Not everything that is faced can be changed, but nothing can be changed until it is faced. - James Baldwin
As October marks Black History Month in the UK, conversations around addressing racial oppression, violence, and discrimination have been heightened by current unrest occurring worldwide. This is collapsed with conversations surrounding the need for increased representation and recognition on the policy level as well as within the changing cultures around the world. However, the focus of this conversation is expanded with the realities faced by individuals with intersectional identities of Black & Queer. With the epidemic of violence occurring within the Black Trans community, the increased criminalisation of LGBTQ+ people in various countries where Black people reside, and the continued misrepresentation in society and pop culture, navigating Black & Queer identities becomes challenging.
As we move toward National Coming Out Day in the UK on the 11th of October, we engage with personal stories about navigating these identities in the context of LSE and beyond. We will discuss the overall process of identity formation; the ways in which our personal narratives and environment shape our understanding of race, gender, and sexuality; how the personal is merged with the political as a Black & Queer person; and what role we should play in changing things for the better in our own lives and the lives of others.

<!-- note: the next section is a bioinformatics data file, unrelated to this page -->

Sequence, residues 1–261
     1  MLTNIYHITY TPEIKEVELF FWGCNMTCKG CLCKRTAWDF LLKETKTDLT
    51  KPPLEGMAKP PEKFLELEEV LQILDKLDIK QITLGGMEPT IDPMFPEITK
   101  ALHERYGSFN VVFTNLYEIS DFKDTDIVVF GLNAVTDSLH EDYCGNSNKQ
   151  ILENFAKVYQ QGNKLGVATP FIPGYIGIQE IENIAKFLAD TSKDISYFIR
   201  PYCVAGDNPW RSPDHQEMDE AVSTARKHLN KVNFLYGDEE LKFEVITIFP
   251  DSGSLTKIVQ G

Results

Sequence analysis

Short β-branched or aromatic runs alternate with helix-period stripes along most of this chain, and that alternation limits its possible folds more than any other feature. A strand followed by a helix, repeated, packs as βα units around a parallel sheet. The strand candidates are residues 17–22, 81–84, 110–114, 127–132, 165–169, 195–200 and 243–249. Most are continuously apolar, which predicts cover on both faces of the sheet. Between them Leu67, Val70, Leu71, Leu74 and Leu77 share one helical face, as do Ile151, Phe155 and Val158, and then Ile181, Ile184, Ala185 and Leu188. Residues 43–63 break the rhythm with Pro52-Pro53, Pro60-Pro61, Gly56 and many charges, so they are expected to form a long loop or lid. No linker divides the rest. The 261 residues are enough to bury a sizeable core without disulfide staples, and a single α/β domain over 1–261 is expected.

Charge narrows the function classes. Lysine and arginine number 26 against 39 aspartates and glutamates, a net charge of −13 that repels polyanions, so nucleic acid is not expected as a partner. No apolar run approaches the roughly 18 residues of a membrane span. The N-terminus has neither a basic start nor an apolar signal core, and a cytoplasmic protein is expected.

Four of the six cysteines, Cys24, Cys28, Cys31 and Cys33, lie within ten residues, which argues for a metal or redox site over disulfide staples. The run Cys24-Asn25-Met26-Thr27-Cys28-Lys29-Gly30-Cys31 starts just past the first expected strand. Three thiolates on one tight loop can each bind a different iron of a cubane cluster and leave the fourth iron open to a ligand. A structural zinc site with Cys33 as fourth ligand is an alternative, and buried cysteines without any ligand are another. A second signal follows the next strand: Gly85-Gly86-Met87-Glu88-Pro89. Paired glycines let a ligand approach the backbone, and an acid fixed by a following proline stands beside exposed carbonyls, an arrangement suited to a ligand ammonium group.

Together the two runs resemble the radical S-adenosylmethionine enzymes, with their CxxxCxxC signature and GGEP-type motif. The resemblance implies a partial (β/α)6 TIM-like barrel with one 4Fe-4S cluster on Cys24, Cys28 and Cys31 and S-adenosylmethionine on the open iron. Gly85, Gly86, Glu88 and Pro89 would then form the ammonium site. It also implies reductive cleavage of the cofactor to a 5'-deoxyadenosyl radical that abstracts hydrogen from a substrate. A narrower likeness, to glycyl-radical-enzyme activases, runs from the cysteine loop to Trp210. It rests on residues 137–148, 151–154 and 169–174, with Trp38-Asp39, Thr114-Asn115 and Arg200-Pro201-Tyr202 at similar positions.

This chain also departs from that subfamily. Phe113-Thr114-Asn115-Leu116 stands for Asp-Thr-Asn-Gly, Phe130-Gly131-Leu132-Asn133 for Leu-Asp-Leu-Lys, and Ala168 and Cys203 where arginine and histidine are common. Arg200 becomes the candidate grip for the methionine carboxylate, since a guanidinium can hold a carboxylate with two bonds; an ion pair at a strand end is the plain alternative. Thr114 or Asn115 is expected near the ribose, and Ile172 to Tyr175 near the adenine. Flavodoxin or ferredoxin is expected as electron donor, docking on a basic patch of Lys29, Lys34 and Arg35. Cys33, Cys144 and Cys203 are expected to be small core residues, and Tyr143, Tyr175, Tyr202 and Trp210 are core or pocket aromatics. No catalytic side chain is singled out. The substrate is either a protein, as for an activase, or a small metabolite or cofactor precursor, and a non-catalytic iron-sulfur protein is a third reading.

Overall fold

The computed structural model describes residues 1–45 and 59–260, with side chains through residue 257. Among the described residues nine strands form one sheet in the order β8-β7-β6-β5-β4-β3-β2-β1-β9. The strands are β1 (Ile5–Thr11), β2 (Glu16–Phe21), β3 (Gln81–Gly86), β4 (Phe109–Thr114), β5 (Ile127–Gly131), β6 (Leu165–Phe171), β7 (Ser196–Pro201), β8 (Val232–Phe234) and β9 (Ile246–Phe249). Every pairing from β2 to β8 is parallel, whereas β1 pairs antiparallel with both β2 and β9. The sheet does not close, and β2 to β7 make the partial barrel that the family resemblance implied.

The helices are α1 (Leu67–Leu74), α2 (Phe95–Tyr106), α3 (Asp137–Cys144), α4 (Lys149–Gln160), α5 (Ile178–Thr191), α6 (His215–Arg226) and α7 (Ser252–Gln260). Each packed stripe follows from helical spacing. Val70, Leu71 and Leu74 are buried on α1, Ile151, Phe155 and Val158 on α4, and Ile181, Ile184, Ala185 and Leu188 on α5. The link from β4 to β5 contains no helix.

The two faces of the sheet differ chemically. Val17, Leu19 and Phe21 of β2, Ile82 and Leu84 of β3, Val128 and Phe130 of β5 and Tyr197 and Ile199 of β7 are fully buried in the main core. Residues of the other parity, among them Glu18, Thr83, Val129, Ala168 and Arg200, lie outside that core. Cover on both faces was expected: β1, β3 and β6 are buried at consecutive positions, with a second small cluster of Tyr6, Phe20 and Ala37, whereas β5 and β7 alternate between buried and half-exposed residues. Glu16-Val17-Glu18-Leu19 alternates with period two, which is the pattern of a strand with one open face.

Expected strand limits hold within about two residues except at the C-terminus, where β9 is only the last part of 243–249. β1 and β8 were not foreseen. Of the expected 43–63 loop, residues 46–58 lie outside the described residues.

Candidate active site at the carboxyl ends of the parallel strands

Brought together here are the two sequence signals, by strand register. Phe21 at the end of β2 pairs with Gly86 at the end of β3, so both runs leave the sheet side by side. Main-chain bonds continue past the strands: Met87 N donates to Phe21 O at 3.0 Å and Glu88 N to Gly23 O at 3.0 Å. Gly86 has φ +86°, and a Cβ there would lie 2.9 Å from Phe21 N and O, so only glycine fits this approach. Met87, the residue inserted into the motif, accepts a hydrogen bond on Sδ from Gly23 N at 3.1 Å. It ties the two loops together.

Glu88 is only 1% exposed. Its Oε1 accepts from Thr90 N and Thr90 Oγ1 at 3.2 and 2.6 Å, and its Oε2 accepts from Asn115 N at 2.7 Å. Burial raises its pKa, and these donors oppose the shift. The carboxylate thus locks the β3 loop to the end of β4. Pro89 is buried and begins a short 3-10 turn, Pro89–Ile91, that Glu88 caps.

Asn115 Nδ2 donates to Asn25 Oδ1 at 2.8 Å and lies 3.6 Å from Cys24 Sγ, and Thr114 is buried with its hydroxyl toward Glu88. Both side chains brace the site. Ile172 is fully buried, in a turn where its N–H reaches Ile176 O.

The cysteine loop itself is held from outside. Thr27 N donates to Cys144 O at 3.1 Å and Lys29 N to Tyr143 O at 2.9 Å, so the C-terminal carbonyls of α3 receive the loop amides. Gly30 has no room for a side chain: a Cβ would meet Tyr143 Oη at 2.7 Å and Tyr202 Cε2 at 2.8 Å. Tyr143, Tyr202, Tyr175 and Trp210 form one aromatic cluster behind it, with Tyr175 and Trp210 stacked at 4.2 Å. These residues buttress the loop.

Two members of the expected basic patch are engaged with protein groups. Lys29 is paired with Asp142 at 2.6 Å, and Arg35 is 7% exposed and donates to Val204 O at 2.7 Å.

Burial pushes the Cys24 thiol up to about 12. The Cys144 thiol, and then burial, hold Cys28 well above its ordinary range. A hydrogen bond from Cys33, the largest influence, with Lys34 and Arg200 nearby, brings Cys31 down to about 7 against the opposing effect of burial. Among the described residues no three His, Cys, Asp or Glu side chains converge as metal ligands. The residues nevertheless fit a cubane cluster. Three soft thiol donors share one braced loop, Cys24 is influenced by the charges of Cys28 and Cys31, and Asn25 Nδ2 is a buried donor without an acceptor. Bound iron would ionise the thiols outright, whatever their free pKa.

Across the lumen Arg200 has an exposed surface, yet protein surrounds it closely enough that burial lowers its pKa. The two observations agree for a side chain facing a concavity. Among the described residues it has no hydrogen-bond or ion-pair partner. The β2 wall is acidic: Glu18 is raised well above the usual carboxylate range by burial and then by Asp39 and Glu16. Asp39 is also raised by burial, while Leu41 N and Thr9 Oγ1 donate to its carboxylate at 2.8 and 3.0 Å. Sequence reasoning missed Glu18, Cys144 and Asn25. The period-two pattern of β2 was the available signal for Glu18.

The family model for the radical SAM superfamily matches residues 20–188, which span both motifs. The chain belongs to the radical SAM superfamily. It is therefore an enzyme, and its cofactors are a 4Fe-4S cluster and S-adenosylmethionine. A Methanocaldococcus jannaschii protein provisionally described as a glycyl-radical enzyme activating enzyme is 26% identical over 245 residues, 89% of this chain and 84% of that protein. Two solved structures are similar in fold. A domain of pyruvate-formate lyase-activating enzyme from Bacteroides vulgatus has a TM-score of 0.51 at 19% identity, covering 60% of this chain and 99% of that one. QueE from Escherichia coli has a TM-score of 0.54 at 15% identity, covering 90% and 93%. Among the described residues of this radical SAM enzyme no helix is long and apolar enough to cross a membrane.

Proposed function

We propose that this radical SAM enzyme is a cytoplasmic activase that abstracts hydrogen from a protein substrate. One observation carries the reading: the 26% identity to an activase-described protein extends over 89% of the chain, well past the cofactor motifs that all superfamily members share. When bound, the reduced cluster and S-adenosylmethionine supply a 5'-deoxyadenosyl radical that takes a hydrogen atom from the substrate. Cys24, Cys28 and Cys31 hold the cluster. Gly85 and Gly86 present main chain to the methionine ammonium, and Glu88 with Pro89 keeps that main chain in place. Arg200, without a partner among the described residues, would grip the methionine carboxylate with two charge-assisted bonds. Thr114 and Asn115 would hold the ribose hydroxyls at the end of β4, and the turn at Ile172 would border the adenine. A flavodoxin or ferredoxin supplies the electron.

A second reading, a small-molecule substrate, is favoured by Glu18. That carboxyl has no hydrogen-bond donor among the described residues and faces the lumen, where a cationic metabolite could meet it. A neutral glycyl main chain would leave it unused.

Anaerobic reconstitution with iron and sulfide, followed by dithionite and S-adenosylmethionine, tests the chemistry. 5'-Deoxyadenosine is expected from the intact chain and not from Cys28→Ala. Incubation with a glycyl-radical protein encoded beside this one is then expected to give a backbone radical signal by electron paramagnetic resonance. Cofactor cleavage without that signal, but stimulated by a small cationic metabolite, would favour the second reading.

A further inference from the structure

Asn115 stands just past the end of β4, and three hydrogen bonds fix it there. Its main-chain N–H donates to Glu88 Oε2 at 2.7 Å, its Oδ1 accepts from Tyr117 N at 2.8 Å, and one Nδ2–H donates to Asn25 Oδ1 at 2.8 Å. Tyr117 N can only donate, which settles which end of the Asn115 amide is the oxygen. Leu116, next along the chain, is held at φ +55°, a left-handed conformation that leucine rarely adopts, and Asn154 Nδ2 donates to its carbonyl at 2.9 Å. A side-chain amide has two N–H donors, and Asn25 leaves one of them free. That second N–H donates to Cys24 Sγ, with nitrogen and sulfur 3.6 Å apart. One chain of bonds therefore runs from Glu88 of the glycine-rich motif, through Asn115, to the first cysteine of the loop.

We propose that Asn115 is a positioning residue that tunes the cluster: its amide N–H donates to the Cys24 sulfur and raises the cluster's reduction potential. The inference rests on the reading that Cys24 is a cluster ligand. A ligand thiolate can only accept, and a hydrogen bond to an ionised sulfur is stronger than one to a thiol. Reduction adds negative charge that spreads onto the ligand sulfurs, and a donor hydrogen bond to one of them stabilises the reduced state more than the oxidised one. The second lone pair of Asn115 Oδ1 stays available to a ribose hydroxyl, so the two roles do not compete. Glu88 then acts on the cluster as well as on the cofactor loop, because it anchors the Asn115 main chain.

This event is co-hosted by LSE Spectrum (LSE’s LGBTQ+ staff network) and LSE EmbRace (LSE’s BAME staff network) and will gather together Black & Queer members of the LSE community to have a frank conversation around the realities of navigating these identities and how to move forward as a community in a way that empowers Black & Queer people.
Although this event speaks to the experience of Black & Queer people, it is open to all. We acknowledge the importance of supporting allyship in our communities in order to work towards change as a collective. Please feel free to attend, whatevever your identity may be, and feel comfortable asking questions of the panelists connected to the topic.
Rishi Madlani is the Chair of this event. He is a former LSE Governor and has worked for NatWest Group for over 15 years across the London, Amsterdam and Frankfurt offices. Rishi is Head of Sustainable Finance and Just Transition for the Group which encompasses the bank’s activities supporting the transition to a lower carbon economy and increasing funding to areas with a wider social purpose. Over the last 2 years the bank provided £9.9bn of funding to support activity in the climate sector and the bank has now set a £20bn funding and financing target to support climate and sustainable finance. Rishi is the Global Co-Chair of the NatWest Group Rainbow Network, the staff network for LGBT staff and allies. Established over 14 years ago it now has c. 1,600 members globally. Recent highlights include championing same-sex couple medical benefits in India and supporting LGBT communities globally through prides all over the UK and in Warsaw, Mumbai and Dublin.